https://policybase.cma.ca/en/permalink/policy529
Last Reviewed
2017-03-04
Date
1996-08-21
Topics
Health human resources
Resolution
GC96-10
That the Canadian Medical Association and its Divisions work with Canadian medical schools to facilitate access to medical education for Canadian aboriginal students.
Policy Type
Policy resolution
Last Reviewed
2017-03-04
Date
1996-08-21
Topics
Health human resources
Resolution
GC96-10
That the Canadian Medical Association and its Divisions work with Canadian medical schools to facilitate access to medical education for Canadian aboriginal students.
Text
That the Canadian Medical Association and its Divisions work with Canadian medical schools to facilitate access to medical education for Canadian aboriginal students.
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Prescriber profiles

https://policybase.cma.ca/en/permalink/policy589
Last Reviewed
2017-03-04
Date
1996-05-04
Topics
Ethics and medical professionalism
Resolution
BD96-08-241
That the Canadian Medical Association and the divisions continue to denounce the current inappropriate collection and use of prescriber profiles by private industry and insist that any further collection, sale and other use of prescriber profiles be conducted in an ethical and legal manner (including individual physician knowledge and consent).
Policy Type
Policy resolution
Last Reviewed
2017-03-04
Date
1996-05-04
Topics
Ethics and medical professionalism
Resolution
BD96-08-241
That the Canadian Medical Association and the divisions continue to denounce the current inappropriate collection and use of prescriber profiles by private industry and insist that any further collection, sale and other use of prescriber profiles be conducted in an ethical and legal manner (including individual physician knowledge and consent).
Text
That the Canadian Medical Association and the divisions continue to denounce the current inappropriate collection and use of prescriber profiles by private industry and insist that any further collection, sale and other use of prescriber profiles be conducted in an ethical and legal manner (including individual physician knowledge and consent).
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Goods and Services Tax (GST)

https://policybase.cma.ca/en/permalink/policy661
Last Reviewed
2017-03-04
Date
1996-03-04
Topics
Physician practice/ compensation/ forms
Resolution
GC96-6
In the event that governments fail to resolve the discriminatory effect of the GST on medical practices, that the Canadian Medical Association discuss with its members appropriate methods of passing on these additional costs to their patients.
Policy Type
Policy resolution
Last Reviewed
2017-03-04
Date
1996-03-04
Topics
Physician practice/ compensation/ forms
Resolution
GC96-6
In the event that governments fail to resolve the discriminatory effect of the GST on medical practices, that the Canadian Medical Association discuss with its members appropriate methods of passing on these additional costs to their patients.
Text
In the event that governments fail to resolve the discriminatory effect of the GST on medical practices, that the Canadian Medical Association discuss with its members appropriate methods of passing on these additional costs to their patients.
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Non-core services

https://policybase.cma.ca/en/permalink/policy663
Last Reviewed
2017-03-04
Date
1996-08-21
Topics
Physician practice/ compensation/ forms
Resolution
GC96-22
That any service not listed as core shall be billable as a private service to the patient or his/her private insurance.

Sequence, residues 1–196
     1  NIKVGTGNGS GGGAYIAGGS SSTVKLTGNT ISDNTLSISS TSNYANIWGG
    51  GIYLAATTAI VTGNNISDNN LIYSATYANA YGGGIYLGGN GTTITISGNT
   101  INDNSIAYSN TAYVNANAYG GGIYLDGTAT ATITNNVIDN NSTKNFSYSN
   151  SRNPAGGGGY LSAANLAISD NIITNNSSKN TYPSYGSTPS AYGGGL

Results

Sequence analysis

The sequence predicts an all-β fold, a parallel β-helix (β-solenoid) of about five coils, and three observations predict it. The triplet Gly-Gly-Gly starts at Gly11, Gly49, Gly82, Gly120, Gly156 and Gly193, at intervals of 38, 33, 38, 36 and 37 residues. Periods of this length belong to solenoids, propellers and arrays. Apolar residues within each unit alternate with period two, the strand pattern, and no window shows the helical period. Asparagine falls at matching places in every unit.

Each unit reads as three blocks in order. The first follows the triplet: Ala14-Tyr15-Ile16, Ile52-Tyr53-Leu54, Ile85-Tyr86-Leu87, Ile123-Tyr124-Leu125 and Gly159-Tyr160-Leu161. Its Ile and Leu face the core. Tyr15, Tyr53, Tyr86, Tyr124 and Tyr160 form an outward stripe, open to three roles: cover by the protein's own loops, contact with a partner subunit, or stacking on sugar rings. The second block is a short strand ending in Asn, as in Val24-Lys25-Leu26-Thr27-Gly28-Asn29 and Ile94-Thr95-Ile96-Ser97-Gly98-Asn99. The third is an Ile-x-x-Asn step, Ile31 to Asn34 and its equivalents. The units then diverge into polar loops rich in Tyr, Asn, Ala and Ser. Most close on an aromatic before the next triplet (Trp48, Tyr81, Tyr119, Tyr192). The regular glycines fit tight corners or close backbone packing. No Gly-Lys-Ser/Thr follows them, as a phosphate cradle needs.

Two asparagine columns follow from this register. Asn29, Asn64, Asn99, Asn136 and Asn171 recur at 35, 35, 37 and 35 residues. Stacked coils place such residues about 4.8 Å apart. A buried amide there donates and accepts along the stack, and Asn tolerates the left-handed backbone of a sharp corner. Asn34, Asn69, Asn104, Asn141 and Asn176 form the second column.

Policy Type
Policy resolution
Last Reviewed
2017-03-04
Date
1996-08-21
Topics
Physician practice/ compensation/ forms
Resolution
GC96-22
That any service not listed as core shall be billable as a private service to the patient or his/her private insurance.
Text
That any service not listed as core shall be billable as a private service to the patient or his/her private insurance.
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Canada Health Act and the delivery of health care services

https://policybase.cma.ca/en/permalink/policy664
Last Reviewed
2017-03-04
Date
1996-08-21
Topics
Health systems, system funding and performance
Resolution
GC96-28
That the Canadian Medical Association and its Divisions work with governments and other groups to examine the principles and applicability of the Canada Health Act to the delivery and funding of contemporary medical and health care services in Canada.
Policy Type
Policy resolution
Last Reviewed
2017-03-04
Date
1996-08-21
Topics
Health systems, system funding and performance
Resolution
GC96-28
That the Canadian Medical Association and its Divisions work with governments and other groups to examine the principles and applicability of the Canada Health Act to the delivery and funding of contemporary medical and health care services in Canada.
Text
That the Canadian Medical Association and its Divisions work with governments and other groups to examine the principles and applicability of the Canada Health Act to the delivery and funding of contemporary medical and health care services in Canada.
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Uninsured services

https://policybase.cma.ca/en/permalink/policy665
Last Reviewed
2017-03-04
Date
1996-08-21
Topics
Physician practice/ compensation/ forms
Resolution
GC96-29
The Canadian Medical Association deems that whenever a government designates a medical service as having a payment of nil it shall be considered uninsured and therefore billable as a private service to the patient or his/her private insurance.
Policy Type
Policy resolution
Last Reviewed
2017-03-04
Date
1996-08-21
Topics
Physician practice/ compensation/ forms
Resolution
GC96-29
The Canadian Medical Association deems that whenever a government designates a medical service as having a payment of nil it shall be considered uninsured and therefore billable as a private service to the patient or his/her private insurance.
Text
The Canadian Medical Association deems that whenever a government designates a medical service as having a payment of nil it shall be considered uninsured and therefore billable as a private service to the patient or his/her private insurance.